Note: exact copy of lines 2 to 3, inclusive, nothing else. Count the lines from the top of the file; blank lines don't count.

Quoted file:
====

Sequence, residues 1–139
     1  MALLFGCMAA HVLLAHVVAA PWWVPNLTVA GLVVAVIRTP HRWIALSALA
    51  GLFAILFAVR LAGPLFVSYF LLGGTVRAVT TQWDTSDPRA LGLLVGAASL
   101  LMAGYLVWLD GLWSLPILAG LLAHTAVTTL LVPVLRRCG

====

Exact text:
     1  MALLFGCMAA HVLLAHVVAA PWWVPNLTVA GLVVAVIRTP HRWIALSALA
    51  GLFAILFAVR LAGPLFVSYF LLGGTVRAVT TQWDTSDPRA LGLLVGAASL